Employees who experience discrimination or bias from a supervisor are in a difficult situation. While discrimination is prohibited under Title VII of the Civil Rights Act, many employees prefer to first explore alternatives to litigation. One alternative is to seek a lateral transfer to move into a better work environment.
Such a move often requires the offending supervisor to sign off on the transfer, but a supervisor may deny approval for discriminatory reasons. It is not always clear that a denial of a lateral transfer qualifies as an adverse employment action under Title VII. The U.S. Circuit Court of Appeals in Washington, D.C., recently issued an opinion on this matter.
“Adverse employment action” at issue
To win a workplace discrimination lawsuit, an employee must show that the employer took adverse employment action against that employee. A typical example of an adverse employment action is denying an employee a promotion based on an employee’s protected class, including race, religion and gender, among others.
The case before the Washington, D.C., court arose when a federal employee requested a lateral transfer after hearing his supervisor refer to minority workers as “hired help” and saying that all Hispanic people looked alike, among other actions. The employee felt that the supervisor fostered a discriminatory work environment.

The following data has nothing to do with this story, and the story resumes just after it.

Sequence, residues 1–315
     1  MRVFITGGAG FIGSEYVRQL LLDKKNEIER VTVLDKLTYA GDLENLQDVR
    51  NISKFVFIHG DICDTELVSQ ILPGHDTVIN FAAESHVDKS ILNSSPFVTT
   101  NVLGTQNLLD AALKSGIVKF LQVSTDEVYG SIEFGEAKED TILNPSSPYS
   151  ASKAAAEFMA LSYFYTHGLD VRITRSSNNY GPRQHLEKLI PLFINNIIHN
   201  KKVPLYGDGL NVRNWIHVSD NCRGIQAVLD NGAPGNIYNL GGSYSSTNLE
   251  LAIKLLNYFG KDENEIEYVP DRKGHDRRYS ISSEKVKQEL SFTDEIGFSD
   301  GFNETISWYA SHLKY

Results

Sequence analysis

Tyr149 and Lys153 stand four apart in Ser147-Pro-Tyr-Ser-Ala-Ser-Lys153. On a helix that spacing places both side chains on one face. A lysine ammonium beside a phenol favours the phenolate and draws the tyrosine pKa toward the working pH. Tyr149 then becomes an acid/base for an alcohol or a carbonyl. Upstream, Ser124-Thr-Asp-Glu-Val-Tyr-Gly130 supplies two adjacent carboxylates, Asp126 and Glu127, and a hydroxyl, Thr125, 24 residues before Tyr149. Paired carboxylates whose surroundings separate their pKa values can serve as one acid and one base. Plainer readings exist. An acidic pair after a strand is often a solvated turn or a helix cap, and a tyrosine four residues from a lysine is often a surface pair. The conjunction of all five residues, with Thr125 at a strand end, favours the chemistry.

The employee decided to request a transfer out of the office. The request, if granted, would have resulted in the same position in a new state, under a new supervisor, with the same pay and benefits. The request was denied without explanation. A few months later, the employee resigned to take a lower-paying position and filed a lawsuit.
The United States District Court for the District of Columbia dismissed the lawsuit at the request of the U.S. government, finding that the denial of a lateral transfer did not qualify as an adverse employment action. The U.S. Circuit Court of Appeals heard the case and disagreed, finding that preventing an employee from getting out from a bad career situation did qualify and was unlawful under Title VII.
Why it matters
While a case out of the D.C. Court of Appeals is not binding for New York courts, the case is in line with a similar decision by the United States Court of Appeals for the 2nd Circuit, which has jurisdiction over federal cases in New York.
The trend seems to be that denying a lateral transfer may qualify as an adverse employment action. As such, employees who are denied a request for a lateral transfer for discriminatory reasons may be able to successfully file a discrimination lawsuit in New York.